"TAINTED MEAT! YOU EATING TAINTED MEAT!"
We'll never forget those words, or Bob's maniacal laugh, after Episode 3 of this season of The Walking Dead, which picks up with the Terminus cannibals finishing off their free-range human-meat feast.
At the start of "Four Walls and a Roof," we see Bob (with his severed leg) wincing as Gareth continues to over-explain the minutiae of cannibalism, including the theory that women taste better because of our "extra layer of fat" for childbearing. "I'm being a human being here. I'm talking to you," Gareth tells Bob. Except that Gareth's talks involve taunting and threatening to eat everyone.
Bob listens astutely and then goes from sobbing to cackling. Something like: HAHAHAHAHAHAHA. HAHAHA. "You idiots," he says. "I've been bitten, you stupid pricks! I'm tainted meat." So now the Cannibals' options are to either die of potential walker-poisoning or at the hands of Rick, who's very angry that Bob's missing. Below, we ask again, What Would Jezebel Do?
1. Would we shut out the congregation from the church?
This is a tough one. After realizing that Bob, Carol and Daryl are missing, Sasha returns to the church Airbnb and confronts Gabriel, thinking there has to be a link between him and the cannibals. Rick coerces Gabe to tell the truth and we finally get some of his backstory.
Early on in the apocalypse, members of Gabriel's congregation came to his church for refuge. Instead of letting them in, Gabriel kept his doors locked, leaving his people outside to die horrifically. It's a choice that now eats at him (intended) everyday. "There were so many of them," says Gabriel. "The dead came for them... Women, children. Entire families calling my name."
In the moment, leaving the church door locked seems like the safest solution. But couldn't Gabriel have saved at least some of his congregation? Wouldn't he want strength in numbers? Seeing how Rick's crew has survived as a group, it's clear that multiple heads are better in an end-of-world situation.
Salvation, and the idea of who deserves to be saved, is another recurring theme in this series. It's a weird twist of fate that Rick has let strangers like Bob and Tyreese into his group, while a deeply religious man left his own people to die. Gabriel isn't like Rick or Daryl, though. He has no killer instinct. To be honest, we also might've left the door locked out of fear. But the way Gabriel explained it, it seems like people were knocking before the walkers even got there—in that case, we would open it up at least once. But again, this is tough.
2. Would we skip town with Abraham, who's in a rush to get to D.C.?
No, thanks: we're staying with Rick. After the Cannibals drop off Bob, Abraham says he's ready to leave before more people get killed. Glenn makes a good point: Um, why in the middle of the night? Abraham wants Glenn and Maggie to come-with, so Glenn agrees to go to D.C. in exchange for Abraham staying another day to help sniff out the cannibals.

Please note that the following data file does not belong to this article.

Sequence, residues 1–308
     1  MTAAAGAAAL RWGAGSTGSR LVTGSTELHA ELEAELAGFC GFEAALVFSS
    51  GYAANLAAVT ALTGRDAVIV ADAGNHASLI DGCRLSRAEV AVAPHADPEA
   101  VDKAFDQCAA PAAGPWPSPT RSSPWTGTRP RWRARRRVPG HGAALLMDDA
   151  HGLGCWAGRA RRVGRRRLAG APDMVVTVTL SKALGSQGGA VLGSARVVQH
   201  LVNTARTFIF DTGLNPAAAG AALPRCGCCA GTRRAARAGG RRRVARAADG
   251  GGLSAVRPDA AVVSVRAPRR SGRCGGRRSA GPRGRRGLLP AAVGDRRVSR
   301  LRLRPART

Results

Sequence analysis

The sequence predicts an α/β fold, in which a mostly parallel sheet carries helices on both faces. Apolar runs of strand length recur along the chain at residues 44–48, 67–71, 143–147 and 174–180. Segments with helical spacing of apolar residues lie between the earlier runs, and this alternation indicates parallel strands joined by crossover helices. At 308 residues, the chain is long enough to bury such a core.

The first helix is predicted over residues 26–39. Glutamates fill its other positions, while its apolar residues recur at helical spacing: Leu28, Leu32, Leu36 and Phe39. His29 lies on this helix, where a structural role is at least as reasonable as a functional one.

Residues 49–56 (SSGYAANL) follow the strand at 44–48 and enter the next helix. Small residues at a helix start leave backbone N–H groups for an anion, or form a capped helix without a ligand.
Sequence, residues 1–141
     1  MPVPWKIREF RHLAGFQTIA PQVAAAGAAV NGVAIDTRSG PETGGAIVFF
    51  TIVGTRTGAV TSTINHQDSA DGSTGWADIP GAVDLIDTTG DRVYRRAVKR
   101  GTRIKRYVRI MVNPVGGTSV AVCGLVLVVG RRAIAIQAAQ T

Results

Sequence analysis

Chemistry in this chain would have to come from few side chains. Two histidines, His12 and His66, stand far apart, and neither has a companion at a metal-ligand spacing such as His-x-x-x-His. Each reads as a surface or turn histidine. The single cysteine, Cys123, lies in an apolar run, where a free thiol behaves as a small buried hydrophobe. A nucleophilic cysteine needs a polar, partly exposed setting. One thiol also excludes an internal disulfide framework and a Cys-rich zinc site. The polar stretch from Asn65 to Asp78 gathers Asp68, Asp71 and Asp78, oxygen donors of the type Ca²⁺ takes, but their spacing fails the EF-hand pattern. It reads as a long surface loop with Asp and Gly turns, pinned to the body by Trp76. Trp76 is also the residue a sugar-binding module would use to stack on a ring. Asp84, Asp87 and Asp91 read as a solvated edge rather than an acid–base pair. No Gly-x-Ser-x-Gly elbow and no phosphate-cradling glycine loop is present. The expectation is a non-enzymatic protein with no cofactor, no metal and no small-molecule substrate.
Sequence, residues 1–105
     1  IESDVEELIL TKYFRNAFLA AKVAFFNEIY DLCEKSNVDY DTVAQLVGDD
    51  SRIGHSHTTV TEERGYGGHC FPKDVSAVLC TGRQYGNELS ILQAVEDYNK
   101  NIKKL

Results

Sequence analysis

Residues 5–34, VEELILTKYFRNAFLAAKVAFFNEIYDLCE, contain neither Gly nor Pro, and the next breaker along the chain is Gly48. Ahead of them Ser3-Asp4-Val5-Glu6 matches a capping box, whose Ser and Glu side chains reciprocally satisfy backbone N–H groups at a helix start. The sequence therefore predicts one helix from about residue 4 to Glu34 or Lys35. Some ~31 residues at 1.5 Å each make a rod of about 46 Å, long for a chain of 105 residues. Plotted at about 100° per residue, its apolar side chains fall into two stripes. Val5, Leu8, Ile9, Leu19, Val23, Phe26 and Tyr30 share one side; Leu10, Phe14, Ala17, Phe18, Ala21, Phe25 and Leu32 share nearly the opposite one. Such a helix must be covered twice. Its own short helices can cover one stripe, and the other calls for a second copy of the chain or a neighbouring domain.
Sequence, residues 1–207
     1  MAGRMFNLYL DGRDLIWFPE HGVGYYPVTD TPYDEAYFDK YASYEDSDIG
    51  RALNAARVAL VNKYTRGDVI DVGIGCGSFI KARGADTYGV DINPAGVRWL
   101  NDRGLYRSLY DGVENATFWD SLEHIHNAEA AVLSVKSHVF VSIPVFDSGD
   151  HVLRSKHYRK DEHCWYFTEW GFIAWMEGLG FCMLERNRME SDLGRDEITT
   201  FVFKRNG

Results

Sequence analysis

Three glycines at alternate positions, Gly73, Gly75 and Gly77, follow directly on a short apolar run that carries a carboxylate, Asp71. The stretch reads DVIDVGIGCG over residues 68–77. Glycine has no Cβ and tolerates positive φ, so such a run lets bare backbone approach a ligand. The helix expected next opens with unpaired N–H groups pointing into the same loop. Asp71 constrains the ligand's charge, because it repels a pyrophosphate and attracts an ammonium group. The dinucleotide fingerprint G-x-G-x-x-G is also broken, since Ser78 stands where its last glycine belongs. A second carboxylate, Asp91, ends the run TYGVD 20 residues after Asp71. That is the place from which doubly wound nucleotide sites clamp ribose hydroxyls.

3. Would we invade the cannibal camp?
Sure… We're following Rick. But at first, it seems like a huge misstep not to ask: "Hey, maybe this is a trap? Why would they bring Bob's body back?" Instead of staying with Bob, Sasha volunteers to go. So while Rick and co. head toward the cannibal camp, Gareth and his crew are already (seemingly) a step ahead and ready to invade the church. But Rick is apparently one step ahead of that step...
4. Would we kill Gareth on sight?
Yeah. But Rick wants to give a little speech first, so here we go. Carl, Judith and that half of the crew has been hiding in one of the church rooms, when Judith's crying alerts Gareth of their whereabouts. Right on time, Rick returns and gotcha's Gareth. (Quick question: If Rick planned the sneak attack, then why did Sasha go and leave Bob alone if she knew she'd be back at the church anyway?)
Gareth ends up begging for his life in front of Rick, reasoning that Rick could've killed them immediately so he must have some mercy. It's not that. "We didn't wanna waste the bullets," says Rick. The better option: slicing Gareth with a machete. Sasha meanwhile gets to stabbing, exacting revenge for Bob's kidnapping and dismemberment. This premeditated slaughter might be the second most violent scene of the series, next to Rick's biting that guy's neck. Tyreese hates what he's seeing, but they're killing a ruthless murderer, so there's not much to be sad about. "That could've been us," Rick justifies.
Quote of the night goes to Maggie. After a horrified Gabriel says, "This is the Lord's house," she replies, "No. It's just four walls and a roof."
5. Would we embrace a (relatively) humane way of life like Tyreese?
Probably not, given the New Rules of living, but this is another tough question. Tyreese isn't as mindless about murder as the rest of them. He speaks peacefully, which in this world is crazy talk. He's a nonviolent, large black man who'd stereotypically be feared in normal, non-zombie life but here on this colorless Earth he's like everyone else. The biggest consensual threats now are walkers and people who've lost humanity.
As Bob's dying in the church, Tyreese encourages Sasha to savor her final few moments with him. Then, to prevent Bob from turning, Tyreese slowly pushes the knife into his head instead of stabbing it like we've seen the others do in the past when it's one of their own. So far, this humane (in comparison) approach hasn't been a huge detriment to the group. But Tyreese might be forced to change at some point, just like Rick.
Next week, we find out what happened with Beth. Abraham is off to D.C. with Glenn, Maggie and their faction, while Rick and co. stick around to look for Caryl. Daryl returns in the end, but WHERE IS CAROL??